Failed Vacuum Extraction And Excessive Force During Delivery Cause Erb’s Palsy In Baby

It has been a difficult year for a new mother whose daughter was born with paralysis of her arm, a condition known as Erb’s palsy. When Amber Lucas was in labor with her little girl, Olivia, Olivia’s shoulder became wedged beneath Amber’s pelvic bone, which is called shoulder dystocia. In addition to the shoulder being stuck, Olivia’s umbilical cord was wrapped around her arm and head (cord compression and nuchal cord), which can cause severe oxygen deprivation and fetal distress. Olivia was in a compound presentation, which means one of her extremeties was presenting alongside the presenting part. In her case, her arm and head were presenting at the same time. After attempting to facilitate delivery by using many different methods, including vacuum extraction (which failed), the physician pulled on Olivia’s arm in order to deliver her. As a result of the force applied to her arm and being exerted on her head and neck, the nerves that control Olivia’s left hand, arm and shoulder were torn, causing her arm to be almost completely paralyzed. At birth, Olivia was blue and not breathing. For 5 minutes, the medical team had to breathe for her with a mask and inflatable bag, which is a resuscitation maneuver.

At 6 weeks old, physicians confirmed the diagnosis of Erb’s palsy and Olivia began physical therapy sessions.

When Olivia was eight months old, she traveled to St. Louis Children’s Hospital for a three-hour nerve graft surgery. Nerve graft surgery, or nerve transplantation/transfers, is the most effective way to treat severe Erb’s palsy, and it is the only option when the spine nerve roots have been torn from the spinal cord. During nerve graft surgery, a nerve grafts are used to reconnect the ends of the nerves. Surgeons removed Olivia’s scar tissue and used allograft, which is processed cadaver nerves, for the grafts. Nerve graft surgery must be performed by approximately nine months old; otherwise, the surgery could do more harm than good.

Now, at 14 months, there are still many things that Olivia can’t do, such as reach in her back pocket or turn her palm toward the sky. Olivia can pull things down, and she can try to climb, but she can’t lift heavy items.

Two weeks ago, Olivia had a physical and came home wearing a new brace to help straighten her arm. She will continue the weekly therapy sessions. Physicians say that Olivia may have to endure more surgeries, but for now, they are pleased with how well she is recovering from her nerve graft surgery.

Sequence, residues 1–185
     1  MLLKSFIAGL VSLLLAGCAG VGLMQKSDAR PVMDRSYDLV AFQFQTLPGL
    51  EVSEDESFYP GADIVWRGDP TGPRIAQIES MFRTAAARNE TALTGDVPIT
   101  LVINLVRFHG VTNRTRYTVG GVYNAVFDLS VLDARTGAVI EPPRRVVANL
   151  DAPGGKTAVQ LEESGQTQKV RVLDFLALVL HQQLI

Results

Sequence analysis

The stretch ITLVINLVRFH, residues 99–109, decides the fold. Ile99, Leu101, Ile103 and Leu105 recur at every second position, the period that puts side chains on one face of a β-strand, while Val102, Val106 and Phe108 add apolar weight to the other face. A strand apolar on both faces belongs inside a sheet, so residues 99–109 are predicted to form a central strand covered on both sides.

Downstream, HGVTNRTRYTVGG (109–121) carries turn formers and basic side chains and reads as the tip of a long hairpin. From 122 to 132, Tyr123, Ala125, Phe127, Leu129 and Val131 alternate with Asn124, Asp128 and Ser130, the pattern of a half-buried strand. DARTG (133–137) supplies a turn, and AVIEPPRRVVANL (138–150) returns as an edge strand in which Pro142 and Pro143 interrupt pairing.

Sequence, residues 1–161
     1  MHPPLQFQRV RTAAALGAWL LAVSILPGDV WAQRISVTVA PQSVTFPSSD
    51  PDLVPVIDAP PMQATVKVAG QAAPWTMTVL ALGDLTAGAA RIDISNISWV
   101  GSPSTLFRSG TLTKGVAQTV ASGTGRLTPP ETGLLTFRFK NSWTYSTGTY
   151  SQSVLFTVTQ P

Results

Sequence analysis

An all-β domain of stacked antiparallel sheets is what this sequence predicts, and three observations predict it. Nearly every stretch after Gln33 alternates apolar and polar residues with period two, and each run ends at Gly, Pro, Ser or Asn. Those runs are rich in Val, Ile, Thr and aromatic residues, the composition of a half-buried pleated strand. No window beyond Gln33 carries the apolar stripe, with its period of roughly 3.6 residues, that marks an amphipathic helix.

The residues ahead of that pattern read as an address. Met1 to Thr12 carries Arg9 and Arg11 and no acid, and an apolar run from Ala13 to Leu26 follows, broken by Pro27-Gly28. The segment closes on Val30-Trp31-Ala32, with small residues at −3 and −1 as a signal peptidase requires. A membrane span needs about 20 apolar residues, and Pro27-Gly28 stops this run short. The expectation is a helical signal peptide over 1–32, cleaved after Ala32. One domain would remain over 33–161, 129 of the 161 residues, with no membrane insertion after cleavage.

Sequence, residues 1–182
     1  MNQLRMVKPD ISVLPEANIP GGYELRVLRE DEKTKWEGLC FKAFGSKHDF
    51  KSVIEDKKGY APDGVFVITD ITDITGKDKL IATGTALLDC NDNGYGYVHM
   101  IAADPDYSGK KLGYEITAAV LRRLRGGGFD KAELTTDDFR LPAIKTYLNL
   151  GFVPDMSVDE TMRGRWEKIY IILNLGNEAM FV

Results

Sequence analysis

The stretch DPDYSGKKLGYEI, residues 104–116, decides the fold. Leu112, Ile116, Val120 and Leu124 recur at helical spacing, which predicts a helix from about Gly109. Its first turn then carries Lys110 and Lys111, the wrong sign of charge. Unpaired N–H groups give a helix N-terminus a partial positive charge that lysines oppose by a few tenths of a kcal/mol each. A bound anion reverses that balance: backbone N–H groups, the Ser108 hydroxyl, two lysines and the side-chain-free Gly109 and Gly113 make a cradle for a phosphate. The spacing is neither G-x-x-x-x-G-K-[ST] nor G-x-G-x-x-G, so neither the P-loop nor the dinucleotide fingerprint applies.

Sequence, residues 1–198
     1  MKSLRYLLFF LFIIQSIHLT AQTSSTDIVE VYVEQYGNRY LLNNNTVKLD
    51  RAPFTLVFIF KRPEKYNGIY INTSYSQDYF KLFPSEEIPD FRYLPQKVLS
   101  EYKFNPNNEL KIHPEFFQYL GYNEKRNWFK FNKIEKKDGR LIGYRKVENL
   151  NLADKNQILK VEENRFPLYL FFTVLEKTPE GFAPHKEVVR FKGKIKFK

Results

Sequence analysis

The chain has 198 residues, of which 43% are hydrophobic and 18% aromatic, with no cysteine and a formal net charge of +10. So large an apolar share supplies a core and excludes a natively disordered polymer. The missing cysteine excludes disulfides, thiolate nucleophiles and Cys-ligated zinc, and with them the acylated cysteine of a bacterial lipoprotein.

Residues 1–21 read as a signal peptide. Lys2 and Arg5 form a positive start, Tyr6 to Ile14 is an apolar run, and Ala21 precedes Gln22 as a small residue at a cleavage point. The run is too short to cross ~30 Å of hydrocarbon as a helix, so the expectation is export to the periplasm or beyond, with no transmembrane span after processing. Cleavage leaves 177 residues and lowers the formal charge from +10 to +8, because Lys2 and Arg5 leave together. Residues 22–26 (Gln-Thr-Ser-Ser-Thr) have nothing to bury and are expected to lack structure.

Difficult Deliveries And Erb’s Palsy

Erb’s palsy is a weakening or paralysis of the arm caused by injury to the arm’s upper group of main nerves that form part of the brachial plexus. The brachial plexus is a network of nerves near the neck that influences all of the nerves of the arm, providing movement and feeling to the arm, hand, and fingers.

Shoulder dystocia is the most common cause of Erb’s palsy. When this occurs, the physician will try to maneuver the shoulders. Shoulder dystocia is considered an obstetrical emergency due to the potential for the umbilical cord to become compressed within the birth canal, depriving the baby of oxygen and potentially causing hypoxic ischemic encephalopathy (HIE) or birth asphyxia.

Erb’s palsy is often caused by a physician’s mistake, such as improperly using forceps or a vacuum extractor, applying  too much traction or pressure to the baby’s head and neck during delivery, or simply failing to identify and treat risk factors for shoulder dystocia that are present in the mother. Due to the potential for severe injury when shoulder dystocia is present–including severe oxygen deprivation–a prompt C-section may be the safest method of delivery. The mother must be given informed consent regarding risks and alternatives of all delivery method options, including those pertaining to vacuum extractor and C-section deliveries.

Sometimes Erb’s palsy can heal on its own, without any type of treatment. Oftentimes, however, even partial recovery from the condition requires multiple surgeries and a lot of intense physical therapy. Indeed, Erb’s palsy is a devastating condition that can require costly treatment and therapy.

Help For Families And Children With Erb’s Palsy

If your child has been diagnosed with Erb’s palsy, a review of medical records can determine whether negligence played a role in causing the injury. The nationally recognized birth injury attorneys at Reiter & Walsh ABC Law Centers have experience in handling Erb’s palsy cases throughout the nation. We understand the complex issues involved with the condition and will help you obtain the compensation you deserve. Contact Reiter & Walsh ABC Law Centers for a free review of your case at  888-419-2229.

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